Scrum dominance for the Springboks is perhaps to be expected after Gethin Jenkins' struggles in the Six Nations to stay on the right side of the officials, something that Jannie du Plessis will have taken note of.
But it's the return of Bakkies Botha and Matfield that truly fires up South African excitement. Two top competitors who have seen it all but still deliver. The roar for Botha's try last week against the World XV could be heard around the Western Cape.
Ones to Watch:
For South Africa: More focus perhaps would be attached to the breakdown if Warburton and Tipuric were in town, but their absence gives Francois Louw the chance to excel. The Bath flanker is a master of the breakdown and will hound Wales all day long, whether it's slowing down their possession or poaching turnovers. He will have to be contained. Was recently excellent in the Challenge Cup Final loss to Northampton. His work in tandem throughout 2013 alongside Willem Alberts and Duane Vermeulen showed perfect balance.
For Wales: Gatland's men need their big men to stand tall, which is where the power of Jamie Roberts comes in. Wales will go nowhere unless the Racing Métro centre can get them behind the defensive line. The pair of Jan Serfontein and JP Pietersen is a new combination for the Boks. If Roberts can cause some uncertainty and find his way through those defenders on a consistent basis, Wales have hope. Roberts looked back to his best during the Six Nations. He has to be at his peak at King's Park.
Head to Head: The two skippers. Seeing Victor Matfield run out again in a Springbok jersey still has a novel feeling about it, but he's not here for a farewell tour. In the Bulls' decimation of the Brumbies a few weeks ago he was out of this world, reminding those watching that he is not just a lineout operator but also a superb rugby player.
Up against him of course is Wales' own number five and captain, Alun Wyn Jones. The captain in the Lions' third Test last year against Australia, Jones' competitive edge and work-rate are highly rated and rightly so. Wales will need his inspiration, but he also has the ability to disrupt a lineout and leave holes in the defence when on the run.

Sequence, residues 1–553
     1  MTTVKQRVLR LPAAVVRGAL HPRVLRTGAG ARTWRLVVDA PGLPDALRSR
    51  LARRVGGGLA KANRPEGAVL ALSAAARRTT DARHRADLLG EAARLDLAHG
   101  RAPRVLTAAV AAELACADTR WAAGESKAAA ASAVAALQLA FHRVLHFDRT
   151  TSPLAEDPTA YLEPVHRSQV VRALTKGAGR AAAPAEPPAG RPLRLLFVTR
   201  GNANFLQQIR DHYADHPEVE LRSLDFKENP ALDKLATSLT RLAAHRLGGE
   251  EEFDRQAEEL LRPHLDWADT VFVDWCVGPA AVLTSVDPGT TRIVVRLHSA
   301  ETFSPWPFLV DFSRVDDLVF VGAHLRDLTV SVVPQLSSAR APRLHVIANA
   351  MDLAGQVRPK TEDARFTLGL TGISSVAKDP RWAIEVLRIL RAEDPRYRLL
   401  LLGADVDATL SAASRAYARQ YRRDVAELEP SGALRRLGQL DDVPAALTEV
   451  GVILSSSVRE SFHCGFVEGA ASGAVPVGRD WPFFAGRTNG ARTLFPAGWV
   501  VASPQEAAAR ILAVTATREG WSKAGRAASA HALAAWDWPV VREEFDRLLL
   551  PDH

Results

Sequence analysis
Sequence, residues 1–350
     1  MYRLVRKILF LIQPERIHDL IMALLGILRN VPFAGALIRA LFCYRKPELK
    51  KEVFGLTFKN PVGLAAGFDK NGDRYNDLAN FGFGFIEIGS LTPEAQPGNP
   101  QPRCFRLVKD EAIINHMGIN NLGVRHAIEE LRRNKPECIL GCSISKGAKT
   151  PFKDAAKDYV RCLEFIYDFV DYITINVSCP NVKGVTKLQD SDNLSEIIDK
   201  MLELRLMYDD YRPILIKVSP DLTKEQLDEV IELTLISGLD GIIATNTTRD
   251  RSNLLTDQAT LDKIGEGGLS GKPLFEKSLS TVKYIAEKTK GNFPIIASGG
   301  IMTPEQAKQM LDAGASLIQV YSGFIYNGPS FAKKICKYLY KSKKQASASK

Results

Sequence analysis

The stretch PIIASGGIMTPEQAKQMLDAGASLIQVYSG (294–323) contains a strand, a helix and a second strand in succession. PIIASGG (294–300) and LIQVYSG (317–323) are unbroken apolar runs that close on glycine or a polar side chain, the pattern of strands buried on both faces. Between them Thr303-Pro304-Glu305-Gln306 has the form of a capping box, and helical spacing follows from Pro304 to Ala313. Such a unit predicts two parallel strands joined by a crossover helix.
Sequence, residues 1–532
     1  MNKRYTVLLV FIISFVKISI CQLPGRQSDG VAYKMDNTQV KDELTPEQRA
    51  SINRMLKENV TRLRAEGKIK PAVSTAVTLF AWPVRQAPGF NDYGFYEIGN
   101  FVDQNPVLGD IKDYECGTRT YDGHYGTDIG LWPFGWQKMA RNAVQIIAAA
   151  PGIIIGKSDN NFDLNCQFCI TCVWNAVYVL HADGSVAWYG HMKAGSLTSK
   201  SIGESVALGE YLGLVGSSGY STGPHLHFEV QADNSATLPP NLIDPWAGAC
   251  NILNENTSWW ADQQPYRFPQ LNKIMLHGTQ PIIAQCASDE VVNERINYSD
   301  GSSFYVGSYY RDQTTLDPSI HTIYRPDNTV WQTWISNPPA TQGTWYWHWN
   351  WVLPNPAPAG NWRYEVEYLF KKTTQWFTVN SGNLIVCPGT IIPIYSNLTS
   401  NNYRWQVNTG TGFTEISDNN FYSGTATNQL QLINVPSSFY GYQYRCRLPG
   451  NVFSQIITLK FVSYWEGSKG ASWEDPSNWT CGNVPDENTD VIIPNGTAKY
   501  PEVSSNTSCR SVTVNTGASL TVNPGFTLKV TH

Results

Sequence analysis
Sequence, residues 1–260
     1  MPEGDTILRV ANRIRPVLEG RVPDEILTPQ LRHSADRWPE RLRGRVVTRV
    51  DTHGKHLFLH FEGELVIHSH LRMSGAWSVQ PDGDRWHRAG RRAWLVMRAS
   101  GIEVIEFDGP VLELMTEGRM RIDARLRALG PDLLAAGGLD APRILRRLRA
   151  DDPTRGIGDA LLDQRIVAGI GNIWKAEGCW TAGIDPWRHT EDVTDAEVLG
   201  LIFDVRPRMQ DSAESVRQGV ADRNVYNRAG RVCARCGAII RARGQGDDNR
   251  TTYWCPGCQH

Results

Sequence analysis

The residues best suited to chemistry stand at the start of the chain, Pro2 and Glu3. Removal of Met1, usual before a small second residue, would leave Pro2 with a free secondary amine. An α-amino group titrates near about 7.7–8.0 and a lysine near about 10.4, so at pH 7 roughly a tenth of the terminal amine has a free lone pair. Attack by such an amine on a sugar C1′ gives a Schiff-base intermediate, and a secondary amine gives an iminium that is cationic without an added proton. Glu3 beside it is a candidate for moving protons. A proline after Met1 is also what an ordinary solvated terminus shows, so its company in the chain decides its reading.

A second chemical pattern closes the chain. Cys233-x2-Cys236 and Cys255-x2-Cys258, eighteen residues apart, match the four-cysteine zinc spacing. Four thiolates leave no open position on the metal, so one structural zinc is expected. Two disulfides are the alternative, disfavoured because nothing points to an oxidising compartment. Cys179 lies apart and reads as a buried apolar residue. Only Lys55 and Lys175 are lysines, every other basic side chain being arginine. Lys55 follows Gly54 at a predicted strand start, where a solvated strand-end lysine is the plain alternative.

2013: South Africa won 25-14 in Cardiff2011: South Africa won 17-16 in Wellington
2010: South Africa won 29-25 in Cardiff
2010: South Africa won 34-31 in Cardiff
2008: South Africa won 20-15 in Cardiff
2008: South Africa won 37-21 in Pretoria
2008: South Africa won 43-17 in Bloemfontein
2007: South Africa won 34-12 in Cardiff
2005: South Africa won 33-16 in Cardiff
Prediction: Difficult to see past the home side based on recent results. Wales' best hope is to get ahead early and hope Dan Biggar can maintain the lead with the boot. But the Boks have too many weapons, too much experience, and should hold the edge in the set-piece. South Africa by 9.
South Africa: 15 Willie le Roux, 14 Cornal Hendricks, 13 JP Pietersen, 12 Jan Serfontein, 11 Bryan Habana, 10 Morné Steyn, 9 Fourie du Preez, 8 Duane Vermeulen, 7 Willem Alberts, 6 Francois Louw, 5 Victor Matfield (c), 4 Bakkies Botha, 3 Jannie du Plessis, 2 Bismarck du Plessis, 1 Gurthro Steenkamp.
Replacements: 16 Schalk Brits, 17 Tendai Mtawarira, 18 Coenie Oosthuizen, 19 Lood de Jager, 20 Schalk Burger, 21 Ruan Pienaar, 22 Johan Goosen, 23 Lwazi Mvovo.
Wales: 15 Liam Williams, 14 Alex Cuthbert, 13 Jonathan Davies, 12 Jamie Roberts, 11 George North, 10 Dan Biggar, 9 Mike Phillips, 8 Taulupe Faletau, 7 Aaron Shingler, 6 Dan Lydiate, 5 Alun Wyn Jones (c), 4 Luke Charteris, 3 Adam Jones, 2 Ken Owens, 1 Gethin Jenkins.
Replacements: 16 Matthew Rees, 17 Paul James, 18 Samson Lee, 19 Ian Evans, 20 Josh Turnbull, 21 Gareth Davies, 22 James Hook, 23 Matthew Morgan.
Date: Saturday, June 14
Venue: Kings Park, Durban
Kick-off: 17:05 (local, 15:05 GMT)
Referee: Romain Poite (France)
Assistant Referees: Steve Walsh (Australia), Marius Mitrea (Italy)
TMO: Vinny Munro (New Zealand)